The new report on Financing for Development Negotiations and what the EU should bring to the table.

European civil society scorecard for EU action in financing for development

The coming year will be crucial for international negotiations to match shared global ambitions with binding commitments on financing for development. Discussions will create a new global sustainable development framework including post-2015 development goals, the post-Rio sustainability goals, and climate change financing.
The European Commission (EC) has recently released a communication on post-2015 financing, but recognizes that this “does not propose new actions or commitments for the EU.” However, the EU’s credibility and reliability as a global actor will be determined by what it will bring to the table and the specific new commitments it is willing to make and deliver.
Concord, Eurodad and CAN Europe propose 12 specific actions as an initial test of the EU’s ambition and credibility in these global negotiations, and we urge the EU to go beyond restating old commitments and adopt the proactive, positive and powerful measures below.
Take action in the EU – put our own house in order
1. Deliver public government registries of the real beneficial owners of companies, trusts and other corporate structures through the ongoing revision of the Anti-Money Laundering Directive.
2. Make the country-by-country reporting already adopted for the banking industry mandatory for transnational companies in all sectors.
3. Ensure full and effective participation of developing countries in the design and implementation of multilateral automatic information exchange between tax authorities.
Stop undermining the policy space partner countries need to lead their own development
4. Refrain from pushing trade and investment agreements and international taxation standards that are detrimental to developing countries’ economic and development interests and to their own regional integration processes.
5. Endorse, implement and strengthen the UN principles on lending and borrowing, particularly by including private lending.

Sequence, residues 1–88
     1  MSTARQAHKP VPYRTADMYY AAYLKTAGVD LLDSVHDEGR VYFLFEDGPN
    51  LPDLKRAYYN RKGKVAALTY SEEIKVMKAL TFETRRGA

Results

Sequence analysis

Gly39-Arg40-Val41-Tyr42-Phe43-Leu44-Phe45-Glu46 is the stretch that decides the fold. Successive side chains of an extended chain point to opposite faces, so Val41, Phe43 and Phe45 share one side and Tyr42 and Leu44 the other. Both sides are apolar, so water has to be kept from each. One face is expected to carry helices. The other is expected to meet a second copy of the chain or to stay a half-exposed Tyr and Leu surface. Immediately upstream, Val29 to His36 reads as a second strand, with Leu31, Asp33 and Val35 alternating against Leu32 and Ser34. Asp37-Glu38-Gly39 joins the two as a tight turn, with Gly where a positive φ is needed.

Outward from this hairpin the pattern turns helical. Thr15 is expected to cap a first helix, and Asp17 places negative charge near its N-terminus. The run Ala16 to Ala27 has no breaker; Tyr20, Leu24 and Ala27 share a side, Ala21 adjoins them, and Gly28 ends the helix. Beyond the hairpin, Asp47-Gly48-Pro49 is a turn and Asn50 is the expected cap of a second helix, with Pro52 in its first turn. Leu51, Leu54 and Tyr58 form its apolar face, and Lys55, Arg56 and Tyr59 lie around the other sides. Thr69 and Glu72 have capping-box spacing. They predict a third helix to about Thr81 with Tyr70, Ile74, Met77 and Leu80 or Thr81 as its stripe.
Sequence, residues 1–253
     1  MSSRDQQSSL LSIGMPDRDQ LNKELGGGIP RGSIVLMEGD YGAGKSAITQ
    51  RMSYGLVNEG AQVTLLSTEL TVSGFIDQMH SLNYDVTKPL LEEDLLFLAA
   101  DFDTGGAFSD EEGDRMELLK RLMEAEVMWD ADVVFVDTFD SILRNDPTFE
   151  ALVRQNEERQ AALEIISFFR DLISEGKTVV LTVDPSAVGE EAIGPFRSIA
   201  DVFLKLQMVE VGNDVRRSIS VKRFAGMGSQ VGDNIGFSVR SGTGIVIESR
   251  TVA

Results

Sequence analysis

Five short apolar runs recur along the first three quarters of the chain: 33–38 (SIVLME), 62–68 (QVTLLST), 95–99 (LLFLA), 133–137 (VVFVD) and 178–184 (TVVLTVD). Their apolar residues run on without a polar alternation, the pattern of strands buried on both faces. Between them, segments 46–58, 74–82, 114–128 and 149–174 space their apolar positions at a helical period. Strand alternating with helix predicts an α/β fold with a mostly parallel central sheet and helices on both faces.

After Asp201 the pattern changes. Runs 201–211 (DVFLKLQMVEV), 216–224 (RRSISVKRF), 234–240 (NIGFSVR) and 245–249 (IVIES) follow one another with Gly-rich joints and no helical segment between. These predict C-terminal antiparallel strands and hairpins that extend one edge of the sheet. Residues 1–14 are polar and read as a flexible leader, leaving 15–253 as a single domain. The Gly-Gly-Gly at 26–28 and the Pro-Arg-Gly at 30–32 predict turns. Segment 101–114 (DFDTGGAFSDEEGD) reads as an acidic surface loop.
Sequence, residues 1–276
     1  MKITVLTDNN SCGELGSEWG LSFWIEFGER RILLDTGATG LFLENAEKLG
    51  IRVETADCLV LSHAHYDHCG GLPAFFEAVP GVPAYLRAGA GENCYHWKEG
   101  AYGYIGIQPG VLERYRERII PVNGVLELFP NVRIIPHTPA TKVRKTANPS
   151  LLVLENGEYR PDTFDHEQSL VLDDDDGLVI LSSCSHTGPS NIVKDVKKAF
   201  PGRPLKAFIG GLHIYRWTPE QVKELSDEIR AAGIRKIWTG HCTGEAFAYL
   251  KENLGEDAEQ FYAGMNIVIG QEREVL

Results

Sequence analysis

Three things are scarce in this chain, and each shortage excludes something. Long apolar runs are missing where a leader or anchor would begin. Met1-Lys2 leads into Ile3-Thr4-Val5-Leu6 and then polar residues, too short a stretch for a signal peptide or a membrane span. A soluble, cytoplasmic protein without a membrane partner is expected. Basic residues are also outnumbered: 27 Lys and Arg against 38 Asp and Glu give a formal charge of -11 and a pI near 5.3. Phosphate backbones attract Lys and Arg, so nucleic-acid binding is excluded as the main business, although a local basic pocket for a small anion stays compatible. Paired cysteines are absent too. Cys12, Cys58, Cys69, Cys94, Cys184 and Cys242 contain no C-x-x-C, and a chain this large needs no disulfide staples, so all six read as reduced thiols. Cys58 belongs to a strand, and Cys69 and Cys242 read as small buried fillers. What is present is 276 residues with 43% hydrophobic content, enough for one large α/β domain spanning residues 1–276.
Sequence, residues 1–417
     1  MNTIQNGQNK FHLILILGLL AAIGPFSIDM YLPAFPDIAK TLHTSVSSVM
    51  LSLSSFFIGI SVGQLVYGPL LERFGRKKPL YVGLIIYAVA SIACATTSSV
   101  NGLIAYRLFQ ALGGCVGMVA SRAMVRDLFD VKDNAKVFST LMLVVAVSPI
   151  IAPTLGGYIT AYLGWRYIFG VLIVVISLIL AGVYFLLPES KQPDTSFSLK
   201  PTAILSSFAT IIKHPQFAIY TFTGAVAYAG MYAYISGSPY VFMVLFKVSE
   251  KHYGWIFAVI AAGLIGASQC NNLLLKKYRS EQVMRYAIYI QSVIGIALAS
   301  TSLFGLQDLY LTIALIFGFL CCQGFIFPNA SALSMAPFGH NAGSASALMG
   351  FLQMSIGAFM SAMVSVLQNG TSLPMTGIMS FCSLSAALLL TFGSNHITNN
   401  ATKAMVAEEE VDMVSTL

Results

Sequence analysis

6. Ensure public and private finance to developing countries supports national priorities and democratic ownership and sustainable state-society relations, in keeping with commitments made at Busan.
Increase and improve external public financing
7. Agree allocation of funds from innovative sources to sustainable development and international climate finance, for example by redirecting subsidies away from fossil fuels, from carbon pricing of maritime and aviation transport and set aside 50% of revenues from the 11 country European financial transaction tax.
8. Meet the longstanding commitment to devote 0.7% of GNI to ODA in a transparent and accountable way and eliminate inflated aid.
9. Ensure the promised new and additional funds for climate finance are over and above aid commitments, and this is effectively monitored and transparently reported.
10. Thorough evaluations of development and poverty reduction impact, including whether the money could be better used elsewhere, should be conducted before further promoting the diversion of scarce ODA to blend with loans that mainly benefit European companies.
Help prevent future finance and debt crises
11. Support and strengthen UN efforts to introduce fair and transparent debt work-out mechanisms.
12. Improve the regulation and supervision of the financial sector, and support developing countries’ involvement in reforms.